Ubuntu and the Importance of Unlearning

9 May

Like most computer users I’ve had quite a few PCs in my time running Windows and, going back to the early 1980s, DOS. Like many others, I’ve also been a Mac user for decades. And, like precious few others, I’ve even used Unix, primarily when I worked at Sun Microsystems from 1985 to 1990.

Over the weekend I joined a select, but rapidly growing set of Linux operating system users by loading Ubuntu 10.04 on my ThinkPad laptop. It’s way too early for me to make any judgments about the OS. Besides, there are countless online assessments (well, Google counted 86 million of them) discussing which operating system is better, mostly pitting Linux against Windows, including a Wikipedia page dedicated to the subject. And there are plenty of Linux fans willing to trash Windows at every opportunity. There are even folks who have evaluated Linux, Mac, and Windows to determine which is better for big business.

So, don’t listen to me when you consider which OS is the right one to use. Frankly, I like them all for various reasons.

But what I like best about using a different operating system is unlearning the ones I already am familiar with. Unlearning is one of the most exciting things a person can do. It opens the mind to possibilities heretofore unconsidered. And Ubuntu is helping me unlearn a lot of lazy habits I’ve developed when using my Mac or Windows machines.

For example, when you download software for your Mac (my primary desktop computer), unless you tell it otherwise, it goes to your Downloads folder. When I downloaded the Opera browser for Ubuntu I could not find it anywhere. That’s because it went to a place where I had neglected to look for quite a while: the Internet area of my Applications pull-down menu. Automatically locating software on your system by function is elegant. But I had to, ahem, Think Different(ly) than my Mac had taught me. So when I later downloaded a disk burner utility, I knew that I would find it in the Sound & Video area of my Applications pulldown menu. How cool is that?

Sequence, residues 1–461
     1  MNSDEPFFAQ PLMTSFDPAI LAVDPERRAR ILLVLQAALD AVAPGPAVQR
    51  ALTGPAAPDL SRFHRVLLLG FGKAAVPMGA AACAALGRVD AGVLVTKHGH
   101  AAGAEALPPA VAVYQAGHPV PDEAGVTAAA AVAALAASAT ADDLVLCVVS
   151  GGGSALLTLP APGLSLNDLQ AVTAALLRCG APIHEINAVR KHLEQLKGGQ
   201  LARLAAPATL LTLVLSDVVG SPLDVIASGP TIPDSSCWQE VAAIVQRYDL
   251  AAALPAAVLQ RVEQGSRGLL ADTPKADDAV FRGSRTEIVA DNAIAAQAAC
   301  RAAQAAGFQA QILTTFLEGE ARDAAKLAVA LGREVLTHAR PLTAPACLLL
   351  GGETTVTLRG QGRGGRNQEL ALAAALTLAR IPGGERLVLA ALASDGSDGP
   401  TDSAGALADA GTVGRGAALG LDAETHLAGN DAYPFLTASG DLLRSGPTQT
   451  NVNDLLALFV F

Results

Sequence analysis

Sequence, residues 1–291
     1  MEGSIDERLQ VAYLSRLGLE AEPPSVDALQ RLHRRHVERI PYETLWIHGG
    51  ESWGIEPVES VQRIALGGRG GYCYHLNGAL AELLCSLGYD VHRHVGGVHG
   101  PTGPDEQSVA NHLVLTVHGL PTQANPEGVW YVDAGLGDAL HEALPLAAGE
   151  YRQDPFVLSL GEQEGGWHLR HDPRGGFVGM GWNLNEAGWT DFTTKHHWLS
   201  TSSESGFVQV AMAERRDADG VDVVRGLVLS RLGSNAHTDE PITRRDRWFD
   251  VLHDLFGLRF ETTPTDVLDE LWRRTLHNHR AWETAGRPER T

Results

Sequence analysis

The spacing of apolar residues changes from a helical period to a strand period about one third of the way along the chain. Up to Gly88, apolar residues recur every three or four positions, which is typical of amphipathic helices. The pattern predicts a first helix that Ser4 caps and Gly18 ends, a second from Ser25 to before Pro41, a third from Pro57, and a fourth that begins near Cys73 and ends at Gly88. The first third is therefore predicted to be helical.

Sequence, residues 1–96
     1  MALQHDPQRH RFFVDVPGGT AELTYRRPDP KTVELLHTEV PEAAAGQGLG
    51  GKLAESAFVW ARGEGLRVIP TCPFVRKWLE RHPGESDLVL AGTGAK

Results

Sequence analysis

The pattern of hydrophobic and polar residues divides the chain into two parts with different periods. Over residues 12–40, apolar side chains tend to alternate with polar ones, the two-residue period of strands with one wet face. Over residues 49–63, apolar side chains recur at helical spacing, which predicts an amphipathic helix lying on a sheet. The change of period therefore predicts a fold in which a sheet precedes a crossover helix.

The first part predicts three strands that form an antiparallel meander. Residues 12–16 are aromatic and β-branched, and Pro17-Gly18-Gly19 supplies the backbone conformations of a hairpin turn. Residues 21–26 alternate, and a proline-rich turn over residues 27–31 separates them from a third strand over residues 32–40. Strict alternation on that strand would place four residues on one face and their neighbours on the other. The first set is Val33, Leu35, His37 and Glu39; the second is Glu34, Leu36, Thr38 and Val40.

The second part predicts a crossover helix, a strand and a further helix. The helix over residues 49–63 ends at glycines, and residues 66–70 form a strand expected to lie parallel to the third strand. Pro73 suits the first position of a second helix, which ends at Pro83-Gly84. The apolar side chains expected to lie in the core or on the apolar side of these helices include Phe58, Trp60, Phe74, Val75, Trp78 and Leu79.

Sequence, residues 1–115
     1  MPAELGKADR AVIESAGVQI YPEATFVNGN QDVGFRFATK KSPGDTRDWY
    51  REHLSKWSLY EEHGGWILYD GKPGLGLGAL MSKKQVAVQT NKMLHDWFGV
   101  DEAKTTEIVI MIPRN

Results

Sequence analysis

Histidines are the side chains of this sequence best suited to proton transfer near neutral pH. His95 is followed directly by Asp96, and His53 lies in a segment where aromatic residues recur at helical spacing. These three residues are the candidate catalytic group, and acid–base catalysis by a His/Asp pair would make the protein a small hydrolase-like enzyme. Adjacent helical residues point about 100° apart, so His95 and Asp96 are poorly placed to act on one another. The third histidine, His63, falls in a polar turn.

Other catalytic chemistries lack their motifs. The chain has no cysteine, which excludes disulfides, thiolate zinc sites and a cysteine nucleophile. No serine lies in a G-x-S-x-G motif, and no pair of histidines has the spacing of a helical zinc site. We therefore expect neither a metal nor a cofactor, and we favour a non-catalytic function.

Once I unlearned an old process and picked up on the new one, I was pleased not just with Ubuntu, but in myself. Unlearning is difficult, as William H. Starbuck of NYU explained in a paper 15 or so years ago. But it’s critical for life’s improvements, particularly in technology, to occur. The fundamental step to unlearning is doubt. He wrote that “any event or message that engenders doubt about current beliefs and methods can become a stimulus for unlearning.”

Skeptics, then, make the best unlearners. If you are a true believer, the prototypical Mac, Linux, or Windows fanboy, for example, you’ll never appreciate the value of unlearning the old while learning the new. You’ll scoff at any different way to use software. You’ll always be happy with what you know. And what you know will always be “better” than what you don’t know.

I am, above all other things, a skeptic. That’s why, in the final analysis, any analysis I can offer of Ubuntu won’t be very useful. I’m too busy enjoying unlearning one process after another.

I will say one thing, though, Ubuntu makes unlearning simple. And, I believe, that was the goal of its developers. So, in that regard, I can say, Ubuntu succeeds wildly.

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2 Responses to “Ubuntu and the Importance of Unlearning”

  1. pererik87 May 9, 2010 at 1:56 pm #

    Interesting point of view. Your own philosophy right there. I like it, especially since it educates me. Thank you

    • meh2meh May 9, 2010 at 7:53 pm #

      My pleasure. I’m never certain that what I write connects with others, so your reply means a lot to me. Thank you.

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